After a thoughtful and at times intense discussion, the East Aurora Village Board dismissed pleas from a restaurateur and unanimously approved protective historic landmark designation for his two controversial Main Street houses, including the one Irving Price lived in when he helped found Fisher-Price toy company.
In the end it was public passion for the authentically old looking houses on a central part of Main that trumped restaurateur Gene Wachala’s desire to have freedom to tear down the ailing 19th century homes, build a new building and create more parking for Pasquale’s across the street.
“That’s why people love it here,” said Trustee Peter Mercurio of the old-fashioned look of the village as he spoke at the Monday night meeting. “I think tearing down these buildings would be a move toward losing what sets us apart.”
The vote for both houses was six in favor with one abstention. Trustee Ernie Scheer, an early advocate of preservation, recused himself after Wachala’s attorney suggested he and Patrick Shea had unfairly made up their minds before they’d heard all sides.
“I don’t want anyone to assume there’s any impropriety,” Scheer said.
Shea maintained he had carefully deliberated throughout the process. “I don’t think I need to recuse myself,” he said.
The debate about the Price house and its neighbor started earlier this year when Wachala talked about his wish for more parking in place of the houses. In response, the village Historic Preservation Commission held a public hearing and recommended landmark status, which would help protect against demolition. While Wachala still has a pending demolition permit, the board’s Monday night vote signaled its interest in keeping the houses intact.
Before the vote, Wachala offered the story behind his plan. For half of the 30 years he has run his Italian restaurant on Main, he has struggled to find enough parking for employees and patrons.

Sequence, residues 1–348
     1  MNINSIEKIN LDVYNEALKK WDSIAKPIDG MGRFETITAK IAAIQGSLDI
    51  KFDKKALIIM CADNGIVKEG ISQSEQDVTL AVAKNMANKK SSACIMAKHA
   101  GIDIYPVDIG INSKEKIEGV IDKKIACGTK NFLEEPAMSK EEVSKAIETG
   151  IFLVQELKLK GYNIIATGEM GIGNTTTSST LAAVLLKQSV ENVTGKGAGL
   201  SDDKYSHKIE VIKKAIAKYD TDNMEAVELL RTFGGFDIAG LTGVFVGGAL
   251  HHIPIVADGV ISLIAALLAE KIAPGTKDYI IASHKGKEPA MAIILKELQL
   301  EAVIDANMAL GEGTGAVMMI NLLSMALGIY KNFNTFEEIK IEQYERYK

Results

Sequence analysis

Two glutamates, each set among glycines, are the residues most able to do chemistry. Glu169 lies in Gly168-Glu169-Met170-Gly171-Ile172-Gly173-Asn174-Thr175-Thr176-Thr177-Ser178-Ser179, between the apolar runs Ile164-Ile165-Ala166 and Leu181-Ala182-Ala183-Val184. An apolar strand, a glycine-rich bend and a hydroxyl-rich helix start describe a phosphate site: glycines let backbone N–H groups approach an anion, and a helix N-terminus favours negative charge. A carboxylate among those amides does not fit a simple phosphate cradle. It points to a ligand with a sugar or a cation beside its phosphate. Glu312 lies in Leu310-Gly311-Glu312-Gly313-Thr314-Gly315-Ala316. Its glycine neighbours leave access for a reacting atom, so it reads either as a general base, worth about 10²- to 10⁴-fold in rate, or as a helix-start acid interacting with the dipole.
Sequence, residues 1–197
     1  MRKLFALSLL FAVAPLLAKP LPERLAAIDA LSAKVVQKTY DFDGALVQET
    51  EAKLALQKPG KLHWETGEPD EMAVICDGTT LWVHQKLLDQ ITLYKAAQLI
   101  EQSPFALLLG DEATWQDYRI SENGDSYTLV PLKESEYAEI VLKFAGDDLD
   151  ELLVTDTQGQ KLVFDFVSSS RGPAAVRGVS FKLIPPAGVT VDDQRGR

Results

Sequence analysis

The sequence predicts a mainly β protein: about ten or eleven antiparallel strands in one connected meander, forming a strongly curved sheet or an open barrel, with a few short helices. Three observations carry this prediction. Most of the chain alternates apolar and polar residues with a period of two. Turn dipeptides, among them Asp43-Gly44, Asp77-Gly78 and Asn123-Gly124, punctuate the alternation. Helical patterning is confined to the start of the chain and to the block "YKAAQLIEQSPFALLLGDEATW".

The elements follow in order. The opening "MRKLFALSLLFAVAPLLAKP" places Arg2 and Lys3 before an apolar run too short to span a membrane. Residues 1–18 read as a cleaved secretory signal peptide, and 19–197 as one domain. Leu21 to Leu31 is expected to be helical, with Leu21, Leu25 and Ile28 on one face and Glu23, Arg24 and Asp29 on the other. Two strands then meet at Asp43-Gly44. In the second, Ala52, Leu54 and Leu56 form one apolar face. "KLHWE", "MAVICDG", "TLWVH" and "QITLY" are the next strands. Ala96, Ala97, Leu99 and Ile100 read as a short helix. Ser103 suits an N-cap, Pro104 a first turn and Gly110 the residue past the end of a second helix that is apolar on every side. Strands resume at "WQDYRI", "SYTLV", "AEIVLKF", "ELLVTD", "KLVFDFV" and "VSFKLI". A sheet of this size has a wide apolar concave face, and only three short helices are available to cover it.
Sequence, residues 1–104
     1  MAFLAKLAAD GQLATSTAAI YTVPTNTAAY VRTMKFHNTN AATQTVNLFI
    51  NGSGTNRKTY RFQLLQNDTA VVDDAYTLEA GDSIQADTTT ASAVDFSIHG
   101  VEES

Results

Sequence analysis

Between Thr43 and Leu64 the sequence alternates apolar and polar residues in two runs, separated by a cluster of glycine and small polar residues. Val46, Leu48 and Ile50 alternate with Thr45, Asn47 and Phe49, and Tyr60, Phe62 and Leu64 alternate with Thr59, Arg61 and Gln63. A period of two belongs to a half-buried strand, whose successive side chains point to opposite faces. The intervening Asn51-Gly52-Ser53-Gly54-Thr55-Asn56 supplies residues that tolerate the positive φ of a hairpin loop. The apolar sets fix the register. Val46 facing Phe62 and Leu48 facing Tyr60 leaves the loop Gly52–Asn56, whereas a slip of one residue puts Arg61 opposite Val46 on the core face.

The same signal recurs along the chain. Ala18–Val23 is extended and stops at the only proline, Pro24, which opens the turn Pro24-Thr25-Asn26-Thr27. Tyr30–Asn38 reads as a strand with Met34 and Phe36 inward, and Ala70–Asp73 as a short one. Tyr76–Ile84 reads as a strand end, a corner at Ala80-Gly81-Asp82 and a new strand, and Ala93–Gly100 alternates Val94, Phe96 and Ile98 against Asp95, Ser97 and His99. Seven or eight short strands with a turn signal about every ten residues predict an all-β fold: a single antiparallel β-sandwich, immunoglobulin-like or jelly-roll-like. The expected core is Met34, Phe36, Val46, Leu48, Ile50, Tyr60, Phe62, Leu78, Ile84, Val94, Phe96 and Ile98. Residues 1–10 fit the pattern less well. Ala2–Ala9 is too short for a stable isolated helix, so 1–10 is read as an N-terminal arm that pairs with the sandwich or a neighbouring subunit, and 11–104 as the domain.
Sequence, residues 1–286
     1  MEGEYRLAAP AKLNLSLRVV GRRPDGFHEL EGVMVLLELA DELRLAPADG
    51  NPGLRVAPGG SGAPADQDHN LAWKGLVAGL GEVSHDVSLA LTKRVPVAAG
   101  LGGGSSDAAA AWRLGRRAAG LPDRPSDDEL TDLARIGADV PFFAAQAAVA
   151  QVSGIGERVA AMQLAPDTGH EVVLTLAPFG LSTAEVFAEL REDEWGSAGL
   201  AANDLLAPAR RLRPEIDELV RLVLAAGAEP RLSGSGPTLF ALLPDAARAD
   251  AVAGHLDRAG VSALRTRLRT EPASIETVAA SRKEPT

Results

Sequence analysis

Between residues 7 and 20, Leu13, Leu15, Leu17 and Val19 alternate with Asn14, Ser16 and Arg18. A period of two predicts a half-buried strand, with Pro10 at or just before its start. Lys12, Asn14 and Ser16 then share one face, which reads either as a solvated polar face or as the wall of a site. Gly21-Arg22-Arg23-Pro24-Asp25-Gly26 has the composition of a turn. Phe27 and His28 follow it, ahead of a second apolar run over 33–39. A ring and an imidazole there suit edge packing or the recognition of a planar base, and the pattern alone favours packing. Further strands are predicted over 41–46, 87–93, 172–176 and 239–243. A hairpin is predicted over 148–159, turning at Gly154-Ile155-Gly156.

He bought the Price house and its neighbor at auction last year because he wanted to tear them down. An engineer’s review found both in poor shape, gutted of amenities and in need of expensive overhauls.
What’s more he said, other earlier attempts to buy land for parking failed. Residential neighbors behind him protested his plan for a lot closer to their houses and a competitor outbid him for a lot to the side.
It has been frustrating, he said, to watch other old buildings get torn down for new projects and then have his plans now stymied. “I just want what’s fair for me,” he said.
Trustees responded that buyers have an obligation to research properties to be sure there are not restrictions, such as East Aurora’s zoning that favors preservation of the residential look of Main Street.
“I would hope that no matter what you buy that you do your homework and you know what the rules are,” said Mayor Allan Kaspryzak before suggesting that the village try to help Wachala find solutions. “Maybe we could all have a ‘kumbaya’ moment and work with Pasquale’s,” he said.